French solo skipper Thomas Colville on Sodebo announced live via mid audio
link-up that he was passing the longitude of Cape Horn.

“It’s incredible. I’m rounding the Horn with you. I’m with Neutrogena
(Barcelona World Race) which is just 50 metres from me! It’s the first time
I’ve passed so close to the Horn. I’m 200 metres away”.

Just a few hours prior, the solo sailor was tackling a storm; a real squall
with 6 to 8 metre waves and wind gusting to 50 knots: “At times like that,”
admitted Tom, “You feel very small I can tell you.” It was night and using
his instinct alone, he put a third reef in the mainsail. “Nothing was
forcing me to do it,” he explained. -- Full story:

* Check out the video clip from Colville taken as he approached Cape Horn
Tuesday morning, side by side with Neutrogena (racing in the Barcelona World
Race): --

* Colville is attempting to beat the solo singlehanded round the world
record of 57 days, 13 hours, 34 minutes and 06 seconds, set by Francis Joyon
(FRA) in 2008 on the 97-foot trimaran IDEC. --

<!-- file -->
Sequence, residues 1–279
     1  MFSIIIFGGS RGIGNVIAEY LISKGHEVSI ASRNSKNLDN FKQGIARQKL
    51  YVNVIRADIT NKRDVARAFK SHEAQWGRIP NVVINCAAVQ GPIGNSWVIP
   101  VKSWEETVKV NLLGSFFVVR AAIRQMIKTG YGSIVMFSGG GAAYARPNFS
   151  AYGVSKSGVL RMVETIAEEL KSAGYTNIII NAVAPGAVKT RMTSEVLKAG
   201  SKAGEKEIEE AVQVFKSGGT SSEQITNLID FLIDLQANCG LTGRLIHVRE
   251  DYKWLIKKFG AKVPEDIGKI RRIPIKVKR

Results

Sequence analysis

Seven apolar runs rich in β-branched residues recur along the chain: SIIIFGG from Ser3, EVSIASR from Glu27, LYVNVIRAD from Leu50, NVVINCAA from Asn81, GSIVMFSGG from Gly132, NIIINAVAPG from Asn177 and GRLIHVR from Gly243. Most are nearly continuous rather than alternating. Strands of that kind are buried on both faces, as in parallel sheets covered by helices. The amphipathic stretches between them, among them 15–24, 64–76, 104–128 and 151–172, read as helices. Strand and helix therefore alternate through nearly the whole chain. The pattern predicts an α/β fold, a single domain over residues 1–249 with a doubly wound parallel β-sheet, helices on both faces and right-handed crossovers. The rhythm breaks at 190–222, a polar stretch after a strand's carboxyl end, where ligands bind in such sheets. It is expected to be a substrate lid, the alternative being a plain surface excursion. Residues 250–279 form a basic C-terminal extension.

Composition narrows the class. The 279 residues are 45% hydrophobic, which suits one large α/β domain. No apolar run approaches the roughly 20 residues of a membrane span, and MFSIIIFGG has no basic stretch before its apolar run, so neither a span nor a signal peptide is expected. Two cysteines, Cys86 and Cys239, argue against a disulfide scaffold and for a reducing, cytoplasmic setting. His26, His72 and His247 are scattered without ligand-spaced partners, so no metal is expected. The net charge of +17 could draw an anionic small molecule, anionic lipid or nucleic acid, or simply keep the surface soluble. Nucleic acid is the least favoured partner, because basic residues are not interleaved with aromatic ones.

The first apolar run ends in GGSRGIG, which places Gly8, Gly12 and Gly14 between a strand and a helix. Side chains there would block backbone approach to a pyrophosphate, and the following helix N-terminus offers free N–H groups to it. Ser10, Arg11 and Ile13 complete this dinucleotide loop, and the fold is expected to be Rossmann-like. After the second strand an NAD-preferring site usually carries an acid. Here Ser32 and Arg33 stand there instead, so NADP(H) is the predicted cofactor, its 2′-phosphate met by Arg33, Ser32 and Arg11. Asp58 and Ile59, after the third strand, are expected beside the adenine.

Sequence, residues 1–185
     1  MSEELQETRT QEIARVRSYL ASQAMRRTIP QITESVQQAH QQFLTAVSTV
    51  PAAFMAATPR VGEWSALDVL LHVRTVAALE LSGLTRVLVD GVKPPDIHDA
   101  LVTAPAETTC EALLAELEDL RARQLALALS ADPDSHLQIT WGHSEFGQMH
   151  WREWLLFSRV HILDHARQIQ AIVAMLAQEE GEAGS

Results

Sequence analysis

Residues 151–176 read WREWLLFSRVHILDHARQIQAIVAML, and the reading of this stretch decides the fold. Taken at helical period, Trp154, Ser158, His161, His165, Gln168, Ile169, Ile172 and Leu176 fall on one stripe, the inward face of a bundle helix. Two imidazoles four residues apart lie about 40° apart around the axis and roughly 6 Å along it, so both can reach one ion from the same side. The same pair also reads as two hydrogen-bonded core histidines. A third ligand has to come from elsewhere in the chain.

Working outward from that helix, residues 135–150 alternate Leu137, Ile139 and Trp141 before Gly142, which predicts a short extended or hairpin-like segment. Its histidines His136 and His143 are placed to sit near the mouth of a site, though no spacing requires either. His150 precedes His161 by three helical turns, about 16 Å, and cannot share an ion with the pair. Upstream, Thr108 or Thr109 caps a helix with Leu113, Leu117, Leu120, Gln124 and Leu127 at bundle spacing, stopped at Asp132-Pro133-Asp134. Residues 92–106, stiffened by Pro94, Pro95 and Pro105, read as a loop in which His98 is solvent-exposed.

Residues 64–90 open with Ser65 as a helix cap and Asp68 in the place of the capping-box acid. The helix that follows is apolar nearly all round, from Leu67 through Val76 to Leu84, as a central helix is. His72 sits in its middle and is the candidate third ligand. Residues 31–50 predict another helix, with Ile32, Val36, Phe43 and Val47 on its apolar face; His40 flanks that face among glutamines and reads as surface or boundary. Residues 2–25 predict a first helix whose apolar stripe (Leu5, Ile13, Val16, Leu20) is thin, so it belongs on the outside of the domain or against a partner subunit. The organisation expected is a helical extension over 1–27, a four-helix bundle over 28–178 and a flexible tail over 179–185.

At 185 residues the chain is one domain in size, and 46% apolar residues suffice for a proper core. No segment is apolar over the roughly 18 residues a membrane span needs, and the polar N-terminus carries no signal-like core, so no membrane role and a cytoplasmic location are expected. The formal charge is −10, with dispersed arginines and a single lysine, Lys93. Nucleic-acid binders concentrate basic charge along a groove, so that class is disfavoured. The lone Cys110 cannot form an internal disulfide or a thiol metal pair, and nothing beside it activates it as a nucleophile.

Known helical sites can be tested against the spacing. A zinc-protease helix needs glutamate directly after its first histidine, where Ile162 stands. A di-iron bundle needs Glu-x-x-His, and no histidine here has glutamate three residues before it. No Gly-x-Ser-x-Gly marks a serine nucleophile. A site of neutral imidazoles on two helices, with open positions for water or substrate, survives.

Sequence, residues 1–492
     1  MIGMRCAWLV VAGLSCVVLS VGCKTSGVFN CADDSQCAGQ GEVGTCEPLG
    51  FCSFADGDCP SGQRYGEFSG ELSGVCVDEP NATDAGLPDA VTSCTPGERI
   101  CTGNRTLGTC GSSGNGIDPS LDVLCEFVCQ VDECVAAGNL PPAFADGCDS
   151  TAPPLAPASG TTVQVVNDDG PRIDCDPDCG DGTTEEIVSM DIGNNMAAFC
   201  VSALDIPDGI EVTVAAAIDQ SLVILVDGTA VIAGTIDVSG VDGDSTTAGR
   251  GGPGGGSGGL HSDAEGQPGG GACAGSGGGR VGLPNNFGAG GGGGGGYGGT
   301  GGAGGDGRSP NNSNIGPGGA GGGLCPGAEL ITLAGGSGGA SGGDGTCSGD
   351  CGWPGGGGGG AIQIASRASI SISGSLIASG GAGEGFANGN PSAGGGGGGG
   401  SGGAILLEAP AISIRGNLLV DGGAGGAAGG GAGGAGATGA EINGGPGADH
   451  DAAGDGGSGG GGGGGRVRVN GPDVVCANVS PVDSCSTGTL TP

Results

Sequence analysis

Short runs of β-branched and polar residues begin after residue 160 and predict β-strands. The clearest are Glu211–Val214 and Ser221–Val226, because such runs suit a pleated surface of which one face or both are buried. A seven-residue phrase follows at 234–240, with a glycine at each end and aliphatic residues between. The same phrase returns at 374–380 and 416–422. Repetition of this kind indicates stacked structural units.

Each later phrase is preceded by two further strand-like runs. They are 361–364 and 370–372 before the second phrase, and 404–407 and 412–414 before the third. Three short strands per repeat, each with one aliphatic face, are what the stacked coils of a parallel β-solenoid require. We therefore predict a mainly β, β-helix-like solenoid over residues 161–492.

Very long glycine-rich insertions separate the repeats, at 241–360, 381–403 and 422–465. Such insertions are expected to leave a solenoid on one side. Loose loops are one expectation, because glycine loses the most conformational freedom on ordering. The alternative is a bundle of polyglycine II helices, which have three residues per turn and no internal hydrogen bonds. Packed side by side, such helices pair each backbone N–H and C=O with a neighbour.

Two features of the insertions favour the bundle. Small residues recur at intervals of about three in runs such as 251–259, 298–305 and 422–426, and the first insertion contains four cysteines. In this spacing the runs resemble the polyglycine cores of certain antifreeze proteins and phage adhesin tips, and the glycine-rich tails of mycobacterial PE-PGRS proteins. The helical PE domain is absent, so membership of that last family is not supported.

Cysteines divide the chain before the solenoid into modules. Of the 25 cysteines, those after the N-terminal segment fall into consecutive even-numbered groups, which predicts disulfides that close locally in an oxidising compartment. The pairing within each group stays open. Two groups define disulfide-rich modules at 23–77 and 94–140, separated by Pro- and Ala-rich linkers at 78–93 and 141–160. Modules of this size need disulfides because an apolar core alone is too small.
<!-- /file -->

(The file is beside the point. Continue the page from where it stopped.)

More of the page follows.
(March 8, 2011) - Today, the Sailrocket team launched its second-generation
speed sailing boat - the Vestas Sailrocket 2 - from the Isle of Wight.
Vestas Sailrocket 2 is designed to be significantly faster than its
predecessor, with the ultimate aim of breaking the ‘Outright World Speed
Sailing Record’.

During the last 15 months, the Sailrocket team has been focused on building
a better, safer and - above all - faster boat at the Vestas Technology R&D’s
facilities on the Isle of Wight.

“Since we started pursuing the Outright World Speed Sailing Record nine
years ago, the record has been raised by exactly nine knots. The current
record holders, the kite surfers, have taken it out of the reach of all the
previous contenders and it is going to take a very special boat to get it
back. Vestas Sailrocket 2 is a boat that aims high. The only satisfactory
outcome for us is the outright record,” says Paul Larsen, pilot and project
leader of the Sailrocket 2 team. “I’m confident that Sailrocket 2 has the
potential to take the record to new levels.” -- Full story: